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The Religion of the Ancient Celts

Page: 40

Cóir Anmann adds that the Britons and the men of Erin deemed him god of the sea. That position is plainly seen in many tales, e.g. in the magnificent passage of The Voyage of Bran, where he suddenly sweeps into sight, riding in a chariot across the waves from the Land of Promise; or in the tale of Cúchulainn's Sickness, where his wife Fand sees him, "the horseman of the crested sea," coming across the waves. In the Agallamh na Senorach he appears as a cavalier breasting the waves. "For the space of nine waves he would be submerged in the sea, but would rise on the crest of the tenth without wetting chest or breast."306 In one archaic tale he is identified with a great sea wave which swept away Tuag, while the waves are sometimes called "the son of Lir's horses"—a name still current in Ireland, or, again, "the locks of Manannan's wife."307 His position as god of the sea may have given rise to the belief that he was ruler of the oversea Elysium, and, later, of the other-world as a magical domain coterminous with this earth. He is still remembered in the Isle of Man, which may owe its name to him, and which, like many another island, was regarded by the Goidels as the island Elysium under its name of Isle of Falga. He is also the Manawyddan of Welsh story.

Manannan appears in the Cúchulainn and Fionn cycles, {88} usually as a ruler of the Other-world. His wife Fand was Cúchulainn's mistress, Diarmaid was his pupil in fairyland, and Cormac was his guest there. Even in Christian times surviving pagan beliefs caused legend to be busy with his name. King Fiachna was fighting the Scots and in great danger, when a stranger appeared to his wife and announced that he would save her husband's life if she would consent to abandon herself to him. She reluctantly agreed, and the child of the amour was the seventh-century King Mongan, of whom the annalist says, "every one knows that his real father was Manannan." Mongan was also believed to be a rebirth of Fionn. Manannan is still remembered in folk-tradition, and in the Isle of Man, where his grave is to be seen, some of his ritual survived until lately, bundles of rushes being placed for him on midsummer eve on two hills.309 Barintus, who steers Arthur to the fortunate isles, and S. Barri, who crossed the sea on horseback, may have been legendary forms of a local sea-god akin to Manannan, or of Manannan himself. His steed was Enbarr, "water foam or hair," and Manannan was "the horseman of the manéd sea." "Barintus," perhaps connected with barr find, "white-topped," would thus be a surname of the god who rode on Enbarr, the foaming wave, or who was himself the wave, while his mythic sea-riding was transferred to the legend of S. Barri, if such a person ever existed.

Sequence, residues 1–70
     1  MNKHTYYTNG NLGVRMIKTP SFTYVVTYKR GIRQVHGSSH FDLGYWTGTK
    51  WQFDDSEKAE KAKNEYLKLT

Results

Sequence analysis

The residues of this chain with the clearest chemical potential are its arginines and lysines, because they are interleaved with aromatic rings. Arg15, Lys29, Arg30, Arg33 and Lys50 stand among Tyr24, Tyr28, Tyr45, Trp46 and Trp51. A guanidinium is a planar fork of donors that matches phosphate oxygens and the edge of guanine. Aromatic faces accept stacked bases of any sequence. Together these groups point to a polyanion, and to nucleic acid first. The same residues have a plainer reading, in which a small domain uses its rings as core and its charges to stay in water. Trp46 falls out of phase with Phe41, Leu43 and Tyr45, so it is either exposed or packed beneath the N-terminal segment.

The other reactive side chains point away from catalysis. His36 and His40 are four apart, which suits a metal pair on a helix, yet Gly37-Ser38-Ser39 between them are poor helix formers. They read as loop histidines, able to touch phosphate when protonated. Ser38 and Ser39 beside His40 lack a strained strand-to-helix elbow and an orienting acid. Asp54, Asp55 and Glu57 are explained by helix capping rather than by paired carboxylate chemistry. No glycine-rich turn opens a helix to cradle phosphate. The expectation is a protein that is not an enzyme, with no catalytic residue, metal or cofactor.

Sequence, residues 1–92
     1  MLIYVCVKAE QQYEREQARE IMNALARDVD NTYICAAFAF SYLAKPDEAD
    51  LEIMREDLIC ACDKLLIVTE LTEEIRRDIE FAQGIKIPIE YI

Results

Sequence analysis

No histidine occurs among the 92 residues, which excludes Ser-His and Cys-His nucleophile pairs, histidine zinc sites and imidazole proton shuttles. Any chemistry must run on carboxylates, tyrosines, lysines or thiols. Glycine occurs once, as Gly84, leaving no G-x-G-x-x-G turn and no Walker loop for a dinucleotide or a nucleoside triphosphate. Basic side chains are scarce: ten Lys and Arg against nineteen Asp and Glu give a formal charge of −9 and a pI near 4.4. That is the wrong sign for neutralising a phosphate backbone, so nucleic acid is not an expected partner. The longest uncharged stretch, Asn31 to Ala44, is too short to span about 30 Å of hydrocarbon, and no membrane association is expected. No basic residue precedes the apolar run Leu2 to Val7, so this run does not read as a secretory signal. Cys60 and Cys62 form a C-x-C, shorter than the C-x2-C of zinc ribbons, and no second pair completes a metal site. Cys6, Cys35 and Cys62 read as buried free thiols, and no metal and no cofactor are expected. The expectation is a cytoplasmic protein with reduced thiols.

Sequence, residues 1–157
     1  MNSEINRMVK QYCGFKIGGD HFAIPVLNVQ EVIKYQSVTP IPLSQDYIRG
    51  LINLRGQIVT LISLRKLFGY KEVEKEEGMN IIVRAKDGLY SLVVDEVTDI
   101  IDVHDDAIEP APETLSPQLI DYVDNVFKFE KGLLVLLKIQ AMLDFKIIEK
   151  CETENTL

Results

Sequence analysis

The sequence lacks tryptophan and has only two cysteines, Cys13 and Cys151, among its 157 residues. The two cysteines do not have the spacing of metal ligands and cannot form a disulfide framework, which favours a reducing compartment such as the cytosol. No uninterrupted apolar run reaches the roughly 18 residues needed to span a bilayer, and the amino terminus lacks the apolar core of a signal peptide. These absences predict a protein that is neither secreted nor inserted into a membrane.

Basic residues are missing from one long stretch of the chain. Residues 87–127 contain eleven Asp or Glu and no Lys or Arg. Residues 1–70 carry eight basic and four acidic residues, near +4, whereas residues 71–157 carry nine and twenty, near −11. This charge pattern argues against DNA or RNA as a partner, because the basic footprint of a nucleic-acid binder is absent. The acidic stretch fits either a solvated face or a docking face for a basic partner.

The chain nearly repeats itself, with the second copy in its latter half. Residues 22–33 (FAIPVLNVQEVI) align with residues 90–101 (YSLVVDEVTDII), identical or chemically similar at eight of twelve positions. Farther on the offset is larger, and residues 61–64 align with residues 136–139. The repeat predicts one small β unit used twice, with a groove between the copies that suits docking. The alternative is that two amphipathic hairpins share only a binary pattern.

Various magical possessions were ascribed to Manannan—his armour and sword, the one making the wearer invulnerable, {89} the other terrifying all who beheld it; his horse and canoe; his swine, which came to life again when killed; his magic cloak; his cup which broke when a lie was spoken; his tablecloth, which, when waved, produced food. Many of these are found everywhere in Märchen, and there is nothing peculiarly Celtic in them. We need not, therefore, with the mythologists, see in his armour the vapoury clouds or in his sword lightning or the sun's rays. But their magical nature as well as the fact that so much wizardry is attributed to Manannan, points to a copious mythology clustering round the god, now for ever lost.

The parentage of Lug is differently stated, but that account which makes him son of Cian and of Ethne, daughter of Balor, is best attested. Folk-tradition still recalls the relation of Lug and Balor. Balor, a robber living in Tory Island, had a daughter whose son was to kill her father. He therefore shut her up in an inaccessible place, but in revenge for Balor's stealing MacIneely's cow, the latter gained access to her, with the result that Ethne bore three sons, whom Balor cast into the sea. One of them, Lug, was recovered by MacIneely and fostered by his brother Gavida. Balor now slew MacIneely, but was himself slain by Lug, who pierced his single eye with a red-hot iron. In another version, Kian takes MacIneely's place and is aided by Manannan, in accordance with older legends. But Lug's birth-story has been influenced in these tales by the Märchen formula of the girl hidden away because it has been foretold that she will have a son who will slay her father.


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